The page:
• As religious adherence declines, trust in scientific institutions is increasing, says the report. University scientists have a higher trust rating (82%) than corporate scientists (67%).In terms of confidence in institutions, 11% of people say they trust churches and religious organisations, compared with 36% who have confidence in the education system, 34% in the legal system, 16% in business and industry and 8% in parliament.

11% of people trust religious organizations and churches! Amazing!

That’s all good news, I think, but some media outlets still tout claims that religion, or aspects of it, are increasing in the West. Here’s a new article from the odious HuffPost (I had no free will to ignore it), which implies an increase in religion, or at least an increase in the number of people becoming nuns.

But when you look at the evidence for an increase in the number of nuns among Millennials, you find it doesn’t exist. There are several anecdotes in the article, but what you see is that women contemplating becoming nuns appears to be increasing. Needless to say, contemplating becoming a nun and actually becoming a nun are two very different issues.

Here’s the totality of HuffPosts’s evidence:

A 2008 Pew Research Center study found that Catholicism lost more adherents in the late 20th century than any other religion in the U.S. About a third of Americans raised Catholic reported that they had left the church.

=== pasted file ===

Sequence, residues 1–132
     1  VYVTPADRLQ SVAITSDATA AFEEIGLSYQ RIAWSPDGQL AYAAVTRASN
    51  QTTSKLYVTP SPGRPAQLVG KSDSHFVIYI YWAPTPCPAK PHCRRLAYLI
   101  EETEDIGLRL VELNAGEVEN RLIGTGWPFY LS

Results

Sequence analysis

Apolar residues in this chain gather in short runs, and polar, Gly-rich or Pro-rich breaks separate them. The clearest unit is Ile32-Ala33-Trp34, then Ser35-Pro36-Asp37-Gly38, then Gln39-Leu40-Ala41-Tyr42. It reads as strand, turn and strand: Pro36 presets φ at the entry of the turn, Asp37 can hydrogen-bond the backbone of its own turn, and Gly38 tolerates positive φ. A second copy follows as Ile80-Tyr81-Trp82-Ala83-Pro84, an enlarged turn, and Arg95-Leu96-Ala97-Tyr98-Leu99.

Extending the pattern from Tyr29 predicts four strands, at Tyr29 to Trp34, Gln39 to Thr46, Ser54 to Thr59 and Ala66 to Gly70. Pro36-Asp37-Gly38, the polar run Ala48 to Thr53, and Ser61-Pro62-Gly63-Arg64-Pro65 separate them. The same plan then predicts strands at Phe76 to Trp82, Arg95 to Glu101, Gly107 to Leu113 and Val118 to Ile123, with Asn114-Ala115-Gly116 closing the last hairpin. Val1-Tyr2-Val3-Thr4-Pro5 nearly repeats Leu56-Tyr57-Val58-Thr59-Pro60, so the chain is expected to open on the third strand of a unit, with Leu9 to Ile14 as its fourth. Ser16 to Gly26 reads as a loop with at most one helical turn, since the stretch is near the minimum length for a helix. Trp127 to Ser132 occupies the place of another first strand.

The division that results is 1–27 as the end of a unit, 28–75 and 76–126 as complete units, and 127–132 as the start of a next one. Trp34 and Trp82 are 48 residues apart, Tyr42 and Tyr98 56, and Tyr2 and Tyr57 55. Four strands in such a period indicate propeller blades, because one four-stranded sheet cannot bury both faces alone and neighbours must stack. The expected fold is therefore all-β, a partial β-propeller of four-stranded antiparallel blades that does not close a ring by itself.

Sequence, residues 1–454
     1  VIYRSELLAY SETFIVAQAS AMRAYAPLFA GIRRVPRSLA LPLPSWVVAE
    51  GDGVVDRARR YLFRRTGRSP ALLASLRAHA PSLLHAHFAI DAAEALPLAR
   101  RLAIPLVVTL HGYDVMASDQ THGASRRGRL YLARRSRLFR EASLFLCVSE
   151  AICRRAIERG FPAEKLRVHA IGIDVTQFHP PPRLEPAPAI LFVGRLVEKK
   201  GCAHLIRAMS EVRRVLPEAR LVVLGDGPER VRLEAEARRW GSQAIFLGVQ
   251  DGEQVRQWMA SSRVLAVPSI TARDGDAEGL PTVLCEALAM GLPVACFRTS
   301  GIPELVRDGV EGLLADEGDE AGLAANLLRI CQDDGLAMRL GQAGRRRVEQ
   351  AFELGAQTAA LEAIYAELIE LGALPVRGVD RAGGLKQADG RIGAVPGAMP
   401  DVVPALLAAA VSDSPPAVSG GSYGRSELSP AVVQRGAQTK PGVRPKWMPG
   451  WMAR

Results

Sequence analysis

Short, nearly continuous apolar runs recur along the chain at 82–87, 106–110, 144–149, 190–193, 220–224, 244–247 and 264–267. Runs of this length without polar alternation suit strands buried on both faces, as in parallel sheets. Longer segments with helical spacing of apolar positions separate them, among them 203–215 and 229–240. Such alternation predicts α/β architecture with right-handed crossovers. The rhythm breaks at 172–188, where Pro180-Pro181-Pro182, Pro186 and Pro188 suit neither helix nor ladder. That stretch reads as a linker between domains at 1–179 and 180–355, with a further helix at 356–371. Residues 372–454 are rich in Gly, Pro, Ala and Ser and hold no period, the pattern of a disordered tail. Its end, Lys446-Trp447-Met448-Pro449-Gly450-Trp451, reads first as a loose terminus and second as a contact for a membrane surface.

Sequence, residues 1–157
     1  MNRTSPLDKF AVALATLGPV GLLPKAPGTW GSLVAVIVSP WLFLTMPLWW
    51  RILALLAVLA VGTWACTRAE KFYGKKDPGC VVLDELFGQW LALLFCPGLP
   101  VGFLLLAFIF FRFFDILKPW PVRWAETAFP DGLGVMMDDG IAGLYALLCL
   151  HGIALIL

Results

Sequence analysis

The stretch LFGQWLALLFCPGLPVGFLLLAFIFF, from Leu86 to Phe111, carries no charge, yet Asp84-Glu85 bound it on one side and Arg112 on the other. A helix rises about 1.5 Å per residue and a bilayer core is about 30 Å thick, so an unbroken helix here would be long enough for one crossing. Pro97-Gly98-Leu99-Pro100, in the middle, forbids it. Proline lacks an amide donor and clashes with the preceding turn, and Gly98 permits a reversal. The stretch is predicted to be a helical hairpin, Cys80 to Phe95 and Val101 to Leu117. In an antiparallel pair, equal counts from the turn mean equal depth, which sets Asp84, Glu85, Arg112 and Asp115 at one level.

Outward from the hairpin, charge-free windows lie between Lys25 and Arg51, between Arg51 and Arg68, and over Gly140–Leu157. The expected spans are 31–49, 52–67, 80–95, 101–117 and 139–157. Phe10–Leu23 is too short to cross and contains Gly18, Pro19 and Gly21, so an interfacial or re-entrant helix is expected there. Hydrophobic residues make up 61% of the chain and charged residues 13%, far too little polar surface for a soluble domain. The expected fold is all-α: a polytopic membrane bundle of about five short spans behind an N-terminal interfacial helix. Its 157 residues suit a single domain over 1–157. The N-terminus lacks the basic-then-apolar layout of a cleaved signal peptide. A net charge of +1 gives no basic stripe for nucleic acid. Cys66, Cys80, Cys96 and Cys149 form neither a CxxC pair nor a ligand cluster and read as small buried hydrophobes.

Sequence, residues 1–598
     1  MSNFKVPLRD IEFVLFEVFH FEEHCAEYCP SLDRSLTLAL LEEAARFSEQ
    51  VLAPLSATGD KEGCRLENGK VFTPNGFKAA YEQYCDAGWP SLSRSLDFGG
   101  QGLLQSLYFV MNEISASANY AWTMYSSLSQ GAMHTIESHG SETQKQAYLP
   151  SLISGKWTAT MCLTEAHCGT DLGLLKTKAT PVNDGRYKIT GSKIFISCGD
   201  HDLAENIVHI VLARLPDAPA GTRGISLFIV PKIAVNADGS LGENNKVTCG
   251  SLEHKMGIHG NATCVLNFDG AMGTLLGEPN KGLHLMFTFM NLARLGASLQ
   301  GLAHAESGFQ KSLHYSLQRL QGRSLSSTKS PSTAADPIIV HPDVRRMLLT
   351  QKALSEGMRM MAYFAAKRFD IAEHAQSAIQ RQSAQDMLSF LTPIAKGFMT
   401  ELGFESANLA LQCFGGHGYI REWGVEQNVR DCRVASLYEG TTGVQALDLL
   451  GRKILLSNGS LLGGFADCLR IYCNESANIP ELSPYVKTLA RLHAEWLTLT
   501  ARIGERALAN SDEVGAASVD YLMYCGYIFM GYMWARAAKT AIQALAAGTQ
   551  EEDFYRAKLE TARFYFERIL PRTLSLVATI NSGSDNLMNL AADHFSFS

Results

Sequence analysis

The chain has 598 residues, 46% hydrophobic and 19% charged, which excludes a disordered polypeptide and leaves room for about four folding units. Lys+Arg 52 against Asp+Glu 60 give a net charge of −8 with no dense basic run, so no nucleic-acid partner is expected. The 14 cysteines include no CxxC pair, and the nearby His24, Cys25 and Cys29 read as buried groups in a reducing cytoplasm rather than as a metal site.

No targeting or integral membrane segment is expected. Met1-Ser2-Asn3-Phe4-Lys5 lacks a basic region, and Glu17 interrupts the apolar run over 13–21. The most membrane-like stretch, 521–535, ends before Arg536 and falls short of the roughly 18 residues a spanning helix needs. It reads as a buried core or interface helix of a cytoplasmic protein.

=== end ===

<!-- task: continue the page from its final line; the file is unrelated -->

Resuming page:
The contraction hit church staff, too—its priesthood and its community of nuns. In 1965, America had 180,000 perpetually professed Catholic sisters, the technical term for women who have pledged their lives to chastity, poverty, obedience and serving the church. By 2010, that number tanked to fewer than 50,000. In 2009, more Catholic sisters in America were over 90 years old than under 60.

But right around the time I began to notice my high school classmates’ burgeoning faith, something flipped. After 50 years of decline, the number of young women “discerning the religious life”—or going through the long process of becoming a Catholic sister—is substantially increasing. In 2017, 13 percent of women from age 18 to 35 who answered a Georgetown University-affiliated survey of American Catholics reported that they had considered becoming a Catholic sister. That’s more than 900,000 young women, enough to repopulate the corps of “women religious” in a couple of decades, even if only a fraction of them actually go through with it.

. . . Patrice Tuohy, the publisher of guides for people considering the religious life, including VocationMatch.com, told me that not long ago she used to get only about 350 queries a year by phone and online. Last year, she got 2,600.

None of this supports the contention that an increasing number of Millennials are becoming nuns. Suck it up, believers: your faith is on the way out.

h/t: Matthew

45 thoughts on “Secularism increases rapidly in UK

  1. I wonder what it would cost me to relocate to England. I think it would need to be in the very southern part for weather. Also housing cost is pretty high I understand. Probably should wait until this economic problem with the Europeans is worked out. Maybe get into the fish and chips business.

    On another not too religious breaking news, the labor secretary, Acosta has left the building.